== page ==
Amores, Metamorphoses Selections, 2nd edition
By Phyllis B. Katz, Charbra Adams Jestin
Latin text based on Loeb text by Goold contains: Met. I.452-567; IV 55-166; VIII.183-235; VIII.616-724; X.238-297; Amores I.1, I.3, I.9, I.11, I.12, III.15.
- Introduction for each passage
- Vocabulary and notes on same page as text
- Complete vocabulary in back
- Separate section of translation questions and answers on facing pages
- Glossaries of metrical terms and figures of speech
- High frequency vocabulary list
- Translation tips for reading Ovid
Student study aid for Ovid Amores, Metamorphoses Selections, 2nd ed. An Ovid Workbook, This workbook contain the Latin text that is on the AP* syllabus accompanied by exercises (grammar, translation, short answer analysis, scansion if appropriate, figures of speech, and essay questions) that will help students to read and understand the literature as well as prepare for the AP* examination.
Charbra Adams Jestin teaches Latin, Spanish, and French at Avon High School in Avon, Connecticut. She holds a Master of Arts degree in Classics from Wesleyan University in Middletown, Connecticut.
Phyllis B. Katz is a Senior Lecturer in Classics and a member of the Womens Studies Faculty at Dartmouth College, where she has also taught in the Master of Arts in Liberal Studies program. She has published numerous articles on classical and comparative literature.
Comments and Reviews
No one has been more active in this field than Bolchazy-Carducci Publishers, recently awarded a well-deserved ovatio at the CAMWS meeting in Cleveland. In 1998, for example, Lou and Marie published Charbra Adams Jesnin and Phyllis B. Katz, Ovid: Amores, Metamorphoses-Selections. The student edition ($15) features vocabulary and notes on the same page as the text, a complete vocabulary at the back, translation questions with answers, high-frequency vocabulary list, and a glossary of metrical terms and figures of speech. In addition to the expected material, the teacher's edition ($20) also adds sample tests in the AP format. Likewise, Ronnie Ancona's Horace: Selected Odes and Satire 1.9 ($19) contains the entire 1999 Horace AP curriculum in clear and well annotated texts and it too contains much ancillary material designed to help students succeed in the exam. A teacher's guide ($20) is forthcoming. Margaret Brucia and Madeleine Henry have also collaborated to produce Horace Satire 1.9 (1998, $ 7), a stand-alone text with many of the aids mentioned above for other texts (teacher's guide, $3). Likewise, since the AP now calls for some selections from Books 10 and 12 of the Aeneid, Barbara Weiden Boyd has produced Vergil's Aeneid 10 & 12: Pallas and Turnus (1998; student edition, $7; teacher's guide, $3; also available from the ACL's TMRC-student edition, item 86, teacher's guide, item 86T) designed to supplement Clyde Pharr's text, which, while excellent, only covers the first six books of the Aeneid (remember that Bolchazy-Carducci now publishes Pharr as well). When the AP committee reduced the number of lines to be read from Book 4 and added the stories of Turnus and Pallas, the need was immediate.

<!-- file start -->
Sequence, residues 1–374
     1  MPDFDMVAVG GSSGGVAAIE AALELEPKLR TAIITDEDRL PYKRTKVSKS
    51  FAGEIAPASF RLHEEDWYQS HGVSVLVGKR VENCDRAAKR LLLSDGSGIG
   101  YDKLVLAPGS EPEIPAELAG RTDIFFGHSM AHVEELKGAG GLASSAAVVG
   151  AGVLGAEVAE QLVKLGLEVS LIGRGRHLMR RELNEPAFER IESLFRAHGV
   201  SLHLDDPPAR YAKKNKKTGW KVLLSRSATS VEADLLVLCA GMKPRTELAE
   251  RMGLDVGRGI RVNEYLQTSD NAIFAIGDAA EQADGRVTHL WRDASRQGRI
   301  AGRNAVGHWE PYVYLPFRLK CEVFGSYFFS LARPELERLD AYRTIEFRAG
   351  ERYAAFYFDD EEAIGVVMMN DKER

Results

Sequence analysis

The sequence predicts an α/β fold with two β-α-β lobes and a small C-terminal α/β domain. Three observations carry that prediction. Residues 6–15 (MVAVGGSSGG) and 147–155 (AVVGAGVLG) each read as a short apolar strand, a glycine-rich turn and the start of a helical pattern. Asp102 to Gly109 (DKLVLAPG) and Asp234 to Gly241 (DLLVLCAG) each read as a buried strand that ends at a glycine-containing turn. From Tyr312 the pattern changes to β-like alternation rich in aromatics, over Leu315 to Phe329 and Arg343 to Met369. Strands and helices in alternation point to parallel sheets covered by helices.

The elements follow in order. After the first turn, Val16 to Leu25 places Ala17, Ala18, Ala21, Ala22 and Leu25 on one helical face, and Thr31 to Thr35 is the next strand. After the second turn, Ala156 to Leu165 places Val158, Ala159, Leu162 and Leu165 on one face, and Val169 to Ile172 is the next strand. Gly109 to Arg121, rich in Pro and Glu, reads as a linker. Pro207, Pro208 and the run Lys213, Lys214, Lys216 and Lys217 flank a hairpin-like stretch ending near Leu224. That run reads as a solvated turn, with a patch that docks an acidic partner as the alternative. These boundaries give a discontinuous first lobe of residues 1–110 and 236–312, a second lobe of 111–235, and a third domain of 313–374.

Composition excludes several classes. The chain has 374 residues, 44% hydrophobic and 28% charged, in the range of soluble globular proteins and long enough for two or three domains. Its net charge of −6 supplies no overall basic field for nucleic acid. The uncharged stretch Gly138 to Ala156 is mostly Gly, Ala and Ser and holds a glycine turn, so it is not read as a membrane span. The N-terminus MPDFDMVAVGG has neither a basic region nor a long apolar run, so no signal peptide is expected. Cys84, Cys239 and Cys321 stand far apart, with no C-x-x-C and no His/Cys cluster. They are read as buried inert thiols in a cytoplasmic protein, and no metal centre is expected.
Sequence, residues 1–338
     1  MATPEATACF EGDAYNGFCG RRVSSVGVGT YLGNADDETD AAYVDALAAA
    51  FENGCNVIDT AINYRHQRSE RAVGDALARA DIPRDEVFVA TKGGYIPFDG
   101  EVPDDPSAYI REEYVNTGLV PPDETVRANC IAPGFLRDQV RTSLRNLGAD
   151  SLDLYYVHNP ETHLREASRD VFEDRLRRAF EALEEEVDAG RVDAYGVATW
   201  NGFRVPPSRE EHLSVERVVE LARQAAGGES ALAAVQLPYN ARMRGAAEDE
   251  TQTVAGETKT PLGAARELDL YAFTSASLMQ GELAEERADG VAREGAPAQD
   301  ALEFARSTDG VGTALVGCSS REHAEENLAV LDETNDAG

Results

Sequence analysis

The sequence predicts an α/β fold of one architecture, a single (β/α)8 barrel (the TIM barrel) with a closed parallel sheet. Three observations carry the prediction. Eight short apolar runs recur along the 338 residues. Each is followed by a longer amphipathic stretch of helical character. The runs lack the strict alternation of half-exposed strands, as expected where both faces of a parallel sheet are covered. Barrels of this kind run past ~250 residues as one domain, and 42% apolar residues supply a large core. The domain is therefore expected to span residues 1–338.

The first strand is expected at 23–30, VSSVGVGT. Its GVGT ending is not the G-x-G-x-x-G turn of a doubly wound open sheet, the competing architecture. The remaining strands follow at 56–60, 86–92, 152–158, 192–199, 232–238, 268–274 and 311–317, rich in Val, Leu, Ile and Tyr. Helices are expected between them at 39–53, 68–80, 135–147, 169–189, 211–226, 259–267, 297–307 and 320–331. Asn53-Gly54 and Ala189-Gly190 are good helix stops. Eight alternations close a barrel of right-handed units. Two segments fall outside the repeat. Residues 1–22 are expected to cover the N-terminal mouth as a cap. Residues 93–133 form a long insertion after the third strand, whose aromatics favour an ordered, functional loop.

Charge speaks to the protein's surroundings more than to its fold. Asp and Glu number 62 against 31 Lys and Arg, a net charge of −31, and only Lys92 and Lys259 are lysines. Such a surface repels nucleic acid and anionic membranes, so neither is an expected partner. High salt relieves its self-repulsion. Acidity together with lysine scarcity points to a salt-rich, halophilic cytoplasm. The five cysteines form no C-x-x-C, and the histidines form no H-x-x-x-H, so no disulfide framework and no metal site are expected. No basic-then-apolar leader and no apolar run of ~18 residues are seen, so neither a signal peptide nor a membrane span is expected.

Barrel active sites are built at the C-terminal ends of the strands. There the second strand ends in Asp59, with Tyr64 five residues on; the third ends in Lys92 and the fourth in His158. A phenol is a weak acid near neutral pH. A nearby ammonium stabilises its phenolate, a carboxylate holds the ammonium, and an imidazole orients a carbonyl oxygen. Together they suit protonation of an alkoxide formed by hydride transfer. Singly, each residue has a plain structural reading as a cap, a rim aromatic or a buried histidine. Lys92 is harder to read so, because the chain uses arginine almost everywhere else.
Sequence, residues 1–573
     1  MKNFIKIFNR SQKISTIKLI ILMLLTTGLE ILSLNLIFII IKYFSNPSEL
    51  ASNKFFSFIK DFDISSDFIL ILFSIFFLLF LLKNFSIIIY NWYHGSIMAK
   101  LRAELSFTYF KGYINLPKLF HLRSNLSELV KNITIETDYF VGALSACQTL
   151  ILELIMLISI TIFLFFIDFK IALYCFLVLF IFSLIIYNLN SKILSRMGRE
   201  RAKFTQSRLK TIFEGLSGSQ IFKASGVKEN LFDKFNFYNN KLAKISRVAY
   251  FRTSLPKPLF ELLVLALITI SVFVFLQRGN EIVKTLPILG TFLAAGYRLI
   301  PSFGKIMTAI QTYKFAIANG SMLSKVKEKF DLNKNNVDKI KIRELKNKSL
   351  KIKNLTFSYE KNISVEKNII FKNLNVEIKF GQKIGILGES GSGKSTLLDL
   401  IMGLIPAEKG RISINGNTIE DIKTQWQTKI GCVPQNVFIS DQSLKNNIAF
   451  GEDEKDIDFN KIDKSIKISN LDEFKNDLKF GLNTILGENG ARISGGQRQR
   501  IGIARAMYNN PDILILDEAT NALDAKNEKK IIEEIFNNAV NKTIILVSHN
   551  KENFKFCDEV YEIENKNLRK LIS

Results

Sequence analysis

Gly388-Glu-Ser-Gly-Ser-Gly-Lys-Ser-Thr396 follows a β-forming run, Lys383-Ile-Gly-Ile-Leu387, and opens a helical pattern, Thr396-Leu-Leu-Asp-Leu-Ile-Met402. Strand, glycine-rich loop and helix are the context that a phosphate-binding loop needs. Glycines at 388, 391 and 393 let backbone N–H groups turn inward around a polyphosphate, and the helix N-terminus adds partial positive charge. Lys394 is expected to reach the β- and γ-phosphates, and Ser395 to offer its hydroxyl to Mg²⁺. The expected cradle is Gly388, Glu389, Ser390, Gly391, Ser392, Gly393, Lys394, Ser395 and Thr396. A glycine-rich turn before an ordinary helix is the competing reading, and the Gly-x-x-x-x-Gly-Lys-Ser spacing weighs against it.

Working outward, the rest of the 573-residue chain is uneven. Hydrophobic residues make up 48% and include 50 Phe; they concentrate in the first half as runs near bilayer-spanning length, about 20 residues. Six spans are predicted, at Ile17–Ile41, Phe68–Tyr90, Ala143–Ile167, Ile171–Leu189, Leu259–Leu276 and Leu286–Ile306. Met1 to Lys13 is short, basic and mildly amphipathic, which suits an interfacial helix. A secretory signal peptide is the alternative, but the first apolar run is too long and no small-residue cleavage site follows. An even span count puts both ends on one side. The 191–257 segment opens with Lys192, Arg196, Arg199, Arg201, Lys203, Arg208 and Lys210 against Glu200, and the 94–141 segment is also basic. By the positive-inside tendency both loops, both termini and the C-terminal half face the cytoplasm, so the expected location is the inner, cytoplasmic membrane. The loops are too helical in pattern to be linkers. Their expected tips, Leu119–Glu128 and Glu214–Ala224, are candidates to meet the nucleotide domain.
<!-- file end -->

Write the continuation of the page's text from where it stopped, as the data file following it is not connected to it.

At the same time, new texts are coming out that address alternatives to more traditional ancient authors and texts. For example, Bolchazy-Carducci have now published a companion volume to their 1998 Cicero: Pro Archia Poeta Oratio by Steven Cerutti ($20); This volume compliments the earlier text of the Pro Archia, also edited by Steven ($15) and adds a nice touch to assist students: most of the periodic sentences (which tend to scare them even more than the periodic table) are diagrammed out.
The Classical Outlook
I think this edition of the Ovid selections on the current AP syllabus will be well received. Bolchazy-Carducci continues its series of Advanced Placement course materials, pairing a student text with a teacher's edition which includes the text selections in large font, suitable for reproducing on transparencies for the overhead projector. The student books follow the format of placing Latin text on the right hand pages and vocabulary, and grammatical and critical notes on the left, with occasional extensions of notes to the lower half of the right pages. My students found the vocabulary helpful and non-intrusive. Some students liked that the editors point out and label rhetorical figures, e.g. litotes, hendiadys, etc. Interpretive comments supplement the notes in the early selections, but later on it is up to the teacher to encourage students to determine the force or effect of each figure of speech in class discussion or assignments, an editorial decision I appreciated. Many of the grammatical aids are aimed perfectly for the young intermediate student, asking ?What case?' after a vocabulary gloss, or ?indicative or subjunctive?' One student commented that these questions routinely caught her from making snap judgments and encouraged her to work more carefully, knowing that she could figure out the grammar correctly, once reminded.